English football is facing a huge trade deficit, according to a new report from Barclays.
A summer transfer window of high spending has resulted in English football clubs generating a combined deficit of £379 million. While the top Premiership clubs spent heavily prior to the start of the season, the deficit is sufficiently covered by the over £1 billion provided overseas television and foreign sponsorship rights, the Barclays Football Balance of Trade report states.
It has been a record breaking year in terms of spending in the top division. Manchester United were the biggest spenders, splashing out over £150 million on players such as Angel Di Maria, Daley Blind, Luke Shaw and Ander Herrera, while the loan of Colombian striker Radamel Falcao has also come with a hefty price tag.
Chelsea, Arsenal, Manchester City and Liverpool have all paid huge fees for player services with likes of Diego Costa, Cesc Fabregas, Alexis Sanchez and Mario Balotelli all arriving in the Premiership. Despite the high deficit, the amount of money generated from selling rights to screen English matches across the world has been hugely beneficial.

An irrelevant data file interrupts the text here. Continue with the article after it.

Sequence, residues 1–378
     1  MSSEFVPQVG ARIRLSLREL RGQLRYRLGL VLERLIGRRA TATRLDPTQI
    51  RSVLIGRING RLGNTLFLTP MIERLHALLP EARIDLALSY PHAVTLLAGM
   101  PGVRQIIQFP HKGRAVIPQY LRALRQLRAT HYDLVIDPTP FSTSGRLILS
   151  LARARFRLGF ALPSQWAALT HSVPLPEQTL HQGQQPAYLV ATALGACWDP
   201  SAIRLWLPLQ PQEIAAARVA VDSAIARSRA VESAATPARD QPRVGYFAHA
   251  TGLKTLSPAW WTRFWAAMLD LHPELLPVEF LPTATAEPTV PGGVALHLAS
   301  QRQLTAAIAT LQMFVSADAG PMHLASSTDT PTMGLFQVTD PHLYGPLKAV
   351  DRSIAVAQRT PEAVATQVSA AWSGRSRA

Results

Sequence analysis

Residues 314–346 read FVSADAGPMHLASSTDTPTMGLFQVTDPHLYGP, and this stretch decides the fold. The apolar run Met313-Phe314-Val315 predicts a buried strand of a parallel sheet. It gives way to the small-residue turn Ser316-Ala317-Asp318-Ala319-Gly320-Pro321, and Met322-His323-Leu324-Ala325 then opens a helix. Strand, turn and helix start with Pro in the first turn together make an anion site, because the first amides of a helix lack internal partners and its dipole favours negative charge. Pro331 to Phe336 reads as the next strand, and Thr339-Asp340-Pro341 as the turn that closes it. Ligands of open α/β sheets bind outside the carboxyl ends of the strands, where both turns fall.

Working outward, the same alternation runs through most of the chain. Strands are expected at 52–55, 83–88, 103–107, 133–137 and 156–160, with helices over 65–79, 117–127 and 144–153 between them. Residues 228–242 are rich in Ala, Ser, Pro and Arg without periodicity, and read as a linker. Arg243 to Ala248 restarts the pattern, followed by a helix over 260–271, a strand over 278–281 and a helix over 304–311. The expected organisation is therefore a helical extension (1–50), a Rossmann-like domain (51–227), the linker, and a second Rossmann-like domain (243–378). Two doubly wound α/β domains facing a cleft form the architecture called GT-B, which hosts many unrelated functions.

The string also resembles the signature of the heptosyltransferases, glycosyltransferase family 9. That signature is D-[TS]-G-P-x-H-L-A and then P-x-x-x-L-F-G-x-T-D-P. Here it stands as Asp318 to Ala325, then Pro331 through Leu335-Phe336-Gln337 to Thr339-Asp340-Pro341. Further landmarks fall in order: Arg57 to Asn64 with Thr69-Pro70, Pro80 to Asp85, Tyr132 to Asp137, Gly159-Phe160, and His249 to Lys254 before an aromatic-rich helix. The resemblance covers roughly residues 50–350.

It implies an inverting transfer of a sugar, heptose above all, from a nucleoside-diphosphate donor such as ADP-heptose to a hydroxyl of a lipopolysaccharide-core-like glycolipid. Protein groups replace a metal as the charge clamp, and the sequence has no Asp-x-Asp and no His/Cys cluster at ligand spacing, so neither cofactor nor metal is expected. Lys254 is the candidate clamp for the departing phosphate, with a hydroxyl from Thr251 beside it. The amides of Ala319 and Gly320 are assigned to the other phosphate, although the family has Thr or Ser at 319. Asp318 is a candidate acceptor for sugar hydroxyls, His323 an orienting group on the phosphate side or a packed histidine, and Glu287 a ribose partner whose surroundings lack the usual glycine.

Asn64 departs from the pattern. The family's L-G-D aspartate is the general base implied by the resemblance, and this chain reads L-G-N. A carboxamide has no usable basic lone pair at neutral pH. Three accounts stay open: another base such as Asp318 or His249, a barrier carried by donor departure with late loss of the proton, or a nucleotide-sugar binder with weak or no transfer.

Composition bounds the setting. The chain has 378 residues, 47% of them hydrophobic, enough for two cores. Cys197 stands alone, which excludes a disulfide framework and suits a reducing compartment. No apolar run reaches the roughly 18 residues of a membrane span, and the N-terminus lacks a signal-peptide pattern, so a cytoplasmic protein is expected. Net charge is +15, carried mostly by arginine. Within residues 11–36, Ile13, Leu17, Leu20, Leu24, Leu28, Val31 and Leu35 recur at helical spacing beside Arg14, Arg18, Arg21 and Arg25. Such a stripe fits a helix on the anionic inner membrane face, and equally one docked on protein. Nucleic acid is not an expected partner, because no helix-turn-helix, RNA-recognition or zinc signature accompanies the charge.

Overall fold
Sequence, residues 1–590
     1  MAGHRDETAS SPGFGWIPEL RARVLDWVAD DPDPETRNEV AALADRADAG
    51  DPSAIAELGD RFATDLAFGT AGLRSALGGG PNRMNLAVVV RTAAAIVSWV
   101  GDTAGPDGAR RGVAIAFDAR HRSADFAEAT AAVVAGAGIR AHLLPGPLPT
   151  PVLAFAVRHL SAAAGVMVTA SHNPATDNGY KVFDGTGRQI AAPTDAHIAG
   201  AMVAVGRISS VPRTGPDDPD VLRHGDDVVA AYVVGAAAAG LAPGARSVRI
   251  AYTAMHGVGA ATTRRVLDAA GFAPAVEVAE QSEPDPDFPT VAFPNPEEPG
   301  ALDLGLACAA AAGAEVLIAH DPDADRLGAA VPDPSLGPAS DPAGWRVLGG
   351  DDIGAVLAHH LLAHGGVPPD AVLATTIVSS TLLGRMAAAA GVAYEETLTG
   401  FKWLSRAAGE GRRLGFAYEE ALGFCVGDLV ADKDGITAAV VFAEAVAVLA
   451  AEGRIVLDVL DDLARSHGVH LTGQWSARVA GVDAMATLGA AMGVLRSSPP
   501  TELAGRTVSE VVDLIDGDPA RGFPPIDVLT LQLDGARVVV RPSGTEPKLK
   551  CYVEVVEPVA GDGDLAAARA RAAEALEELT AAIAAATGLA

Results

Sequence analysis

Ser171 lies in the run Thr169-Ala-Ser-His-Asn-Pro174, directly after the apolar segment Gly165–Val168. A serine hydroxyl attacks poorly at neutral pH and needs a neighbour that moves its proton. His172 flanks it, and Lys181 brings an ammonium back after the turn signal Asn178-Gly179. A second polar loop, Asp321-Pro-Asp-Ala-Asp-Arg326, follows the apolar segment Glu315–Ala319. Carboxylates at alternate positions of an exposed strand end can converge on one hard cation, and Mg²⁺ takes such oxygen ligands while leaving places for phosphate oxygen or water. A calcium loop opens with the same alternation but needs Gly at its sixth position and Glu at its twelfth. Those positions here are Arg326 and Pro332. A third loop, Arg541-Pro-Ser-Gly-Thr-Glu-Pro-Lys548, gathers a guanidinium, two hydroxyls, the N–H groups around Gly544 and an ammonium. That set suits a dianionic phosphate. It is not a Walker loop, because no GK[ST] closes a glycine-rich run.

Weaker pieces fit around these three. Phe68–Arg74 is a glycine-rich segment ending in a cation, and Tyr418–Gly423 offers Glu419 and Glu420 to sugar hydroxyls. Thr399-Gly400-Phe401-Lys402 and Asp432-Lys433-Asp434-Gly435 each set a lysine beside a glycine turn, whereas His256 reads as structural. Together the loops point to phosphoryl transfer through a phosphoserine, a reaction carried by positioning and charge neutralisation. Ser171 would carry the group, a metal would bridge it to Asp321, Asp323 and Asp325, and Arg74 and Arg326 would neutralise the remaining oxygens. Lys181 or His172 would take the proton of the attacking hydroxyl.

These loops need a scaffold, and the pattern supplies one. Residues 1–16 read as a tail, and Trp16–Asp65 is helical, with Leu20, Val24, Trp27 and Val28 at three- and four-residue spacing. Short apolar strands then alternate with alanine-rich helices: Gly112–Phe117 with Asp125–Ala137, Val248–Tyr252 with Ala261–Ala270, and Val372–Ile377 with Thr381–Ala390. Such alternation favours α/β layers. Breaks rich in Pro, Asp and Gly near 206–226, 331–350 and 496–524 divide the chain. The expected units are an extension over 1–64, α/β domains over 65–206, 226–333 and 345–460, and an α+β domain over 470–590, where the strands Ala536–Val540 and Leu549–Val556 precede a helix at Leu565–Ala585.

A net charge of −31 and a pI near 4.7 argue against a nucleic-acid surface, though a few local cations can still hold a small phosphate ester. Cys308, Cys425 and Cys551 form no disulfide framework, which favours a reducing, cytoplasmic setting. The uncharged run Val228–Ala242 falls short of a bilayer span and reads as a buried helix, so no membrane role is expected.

Chris Lee, head of professional sports banking at Barclays, said: "While English football has run up the biggest trade deficit in world football transfers, the overall income it generates far outstrips the cost of importing players from overseas.
"Matches from England's Premier League are beamed to around 211 countries across the globe, and overseas corporates want to be part of what is regarded by many as the best football league in the world."
Germany was ranked second behind England in the report. Despite winning the World Cup, the Bundesliga has not seen its top players leave resulting in the league reporting a £53.8 million deficit. While the figure is high, it is a result of clubs managing to keep hold of their best players.
The likes of Borussia Dortmund, Bayern Munich, Schalke 04 and Bayer Leverkusen have all had to fend off interest for some of their stars. Dortmund especially have resisted approaches for defender Mats Hummels and striker Marco Reus.
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